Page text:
On-Page or On Site Search Engine Opimization (SEO) – Keywords

keywords
Image Credit: http://www.truelancer.com

MacRAE’s Marketing (the company where I spend most of my wage earning hours) consults with companies every day about the best way to spend their on-line marketing dollars.  When our client has the patience to wait for organic search to find them (can be 5-8 months away or longer), I always recommend creating a list of primary keywords that will drive web site content production and a list of secondary keywords that content creators should keep in mind when writing a web site page or a blog posting for their site.

Keyword creation refers to compiling a list of individual words and multi-word phrases (2-6 words usually) that will guide the content creation for the site.  Of paramount importance in keyword research is balancing the keywords you think people will use in their search, with discovering what people are actually searching.  There are many tools to help you in this task.  Google AdWords has a keyword creation tool that, once you enter a list of keywords and phrases, will tell you
how often those keywords are searched upon and offer other variations of these keywords that you may want to consider in your primary and secondary keyword lists.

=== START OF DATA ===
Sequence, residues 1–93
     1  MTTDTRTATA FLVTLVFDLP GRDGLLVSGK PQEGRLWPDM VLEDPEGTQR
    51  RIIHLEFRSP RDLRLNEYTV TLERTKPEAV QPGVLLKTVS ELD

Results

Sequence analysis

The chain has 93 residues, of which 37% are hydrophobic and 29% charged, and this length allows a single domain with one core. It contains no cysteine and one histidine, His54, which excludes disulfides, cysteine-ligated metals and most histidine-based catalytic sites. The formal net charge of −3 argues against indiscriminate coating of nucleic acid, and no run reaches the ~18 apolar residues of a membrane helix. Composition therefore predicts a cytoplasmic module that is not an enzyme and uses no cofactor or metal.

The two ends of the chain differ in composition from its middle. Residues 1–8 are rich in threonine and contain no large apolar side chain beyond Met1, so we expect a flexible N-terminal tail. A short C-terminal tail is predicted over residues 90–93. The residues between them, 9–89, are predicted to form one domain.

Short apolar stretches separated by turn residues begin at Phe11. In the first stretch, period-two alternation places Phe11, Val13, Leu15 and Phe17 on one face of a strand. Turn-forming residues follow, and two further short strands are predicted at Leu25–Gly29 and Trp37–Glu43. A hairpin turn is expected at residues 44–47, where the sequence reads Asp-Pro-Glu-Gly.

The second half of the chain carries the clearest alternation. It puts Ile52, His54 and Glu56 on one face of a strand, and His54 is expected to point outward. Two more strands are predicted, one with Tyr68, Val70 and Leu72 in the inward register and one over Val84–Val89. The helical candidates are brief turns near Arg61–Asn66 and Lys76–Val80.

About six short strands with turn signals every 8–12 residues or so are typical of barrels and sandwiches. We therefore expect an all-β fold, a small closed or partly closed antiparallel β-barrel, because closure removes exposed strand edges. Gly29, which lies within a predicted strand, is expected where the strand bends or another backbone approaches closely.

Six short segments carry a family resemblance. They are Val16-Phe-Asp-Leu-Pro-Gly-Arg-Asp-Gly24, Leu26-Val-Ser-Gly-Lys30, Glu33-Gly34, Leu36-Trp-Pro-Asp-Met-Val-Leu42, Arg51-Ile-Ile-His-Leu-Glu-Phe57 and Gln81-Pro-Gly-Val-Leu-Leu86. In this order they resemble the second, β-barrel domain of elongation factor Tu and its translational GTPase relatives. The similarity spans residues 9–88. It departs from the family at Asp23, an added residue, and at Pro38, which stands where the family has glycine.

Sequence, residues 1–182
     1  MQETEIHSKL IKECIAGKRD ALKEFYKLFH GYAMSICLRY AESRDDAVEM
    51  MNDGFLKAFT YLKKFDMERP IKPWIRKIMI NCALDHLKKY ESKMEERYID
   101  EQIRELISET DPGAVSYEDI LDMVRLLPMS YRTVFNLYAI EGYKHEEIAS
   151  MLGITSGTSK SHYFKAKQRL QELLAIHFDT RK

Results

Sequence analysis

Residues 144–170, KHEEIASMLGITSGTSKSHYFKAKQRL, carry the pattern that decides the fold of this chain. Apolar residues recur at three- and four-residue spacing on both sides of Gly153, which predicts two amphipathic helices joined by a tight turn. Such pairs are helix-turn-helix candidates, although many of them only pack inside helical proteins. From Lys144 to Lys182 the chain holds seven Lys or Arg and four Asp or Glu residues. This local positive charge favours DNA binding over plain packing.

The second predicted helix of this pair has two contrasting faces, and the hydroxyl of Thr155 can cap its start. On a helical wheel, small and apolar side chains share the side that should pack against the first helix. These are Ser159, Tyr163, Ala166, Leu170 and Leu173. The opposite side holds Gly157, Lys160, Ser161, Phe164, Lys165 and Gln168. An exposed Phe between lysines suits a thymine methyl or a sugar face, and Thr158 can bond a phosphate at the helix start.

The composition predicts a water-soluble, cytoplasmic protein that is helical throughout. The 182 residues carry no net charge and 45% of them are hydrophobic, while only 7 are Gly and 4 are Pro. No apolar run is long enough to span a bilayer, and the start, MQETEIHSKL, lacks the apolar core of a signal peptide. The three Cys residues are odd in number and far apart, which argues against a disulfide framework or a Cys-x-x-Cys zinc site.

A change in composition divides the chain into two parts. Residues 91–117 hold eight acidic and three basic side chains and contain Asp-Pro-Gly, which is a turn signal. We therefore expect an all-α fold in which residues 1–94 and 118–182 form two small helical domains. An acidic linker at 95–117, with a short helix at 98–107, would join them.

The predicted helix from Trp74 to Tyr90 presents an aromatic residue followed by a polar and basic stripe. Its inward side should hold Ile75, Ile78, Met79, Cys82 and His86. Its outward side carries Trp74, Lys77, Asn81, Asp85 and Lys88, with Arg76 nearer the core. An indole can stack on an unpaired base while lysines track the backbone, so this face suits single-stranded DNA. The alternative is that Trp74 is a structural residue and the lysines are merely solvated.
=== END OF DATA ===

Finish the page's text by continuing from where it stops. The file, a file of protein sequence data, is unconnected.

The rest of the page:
The number of primary keywords you want to focus on will be 10-15 on a small or medium-sized business web site because any more than 15 and you’re trying to be found on too many keywords and your overall success will be negatively impacted or your web page count and your marketing budget will have to increase.

Knowing what keyword terms people are searching for is only half the battle.  You also need to determine how competitive these keywords are and one way to do this is to manually enter each search term into Google.com (or Google.ca) to see how many pages are currently indexed by Google on the web for this term.  This approach is far from an exact science, since you will know now have a sense of the competitiveness of these terms on the World Wide Web and not necessarily the competitiveness for these search terms in your specific target market/geographic area.

In the end, you can distill the keyword list to a very good educated guess and start your work.  Your plan should always include a regular review of your keywords to ensure you identify new keyword opportunities and remove ineffective or overly competitive keywords.

Thanks Robert Dunford (rob@owen-media.com or robertdunford.com)

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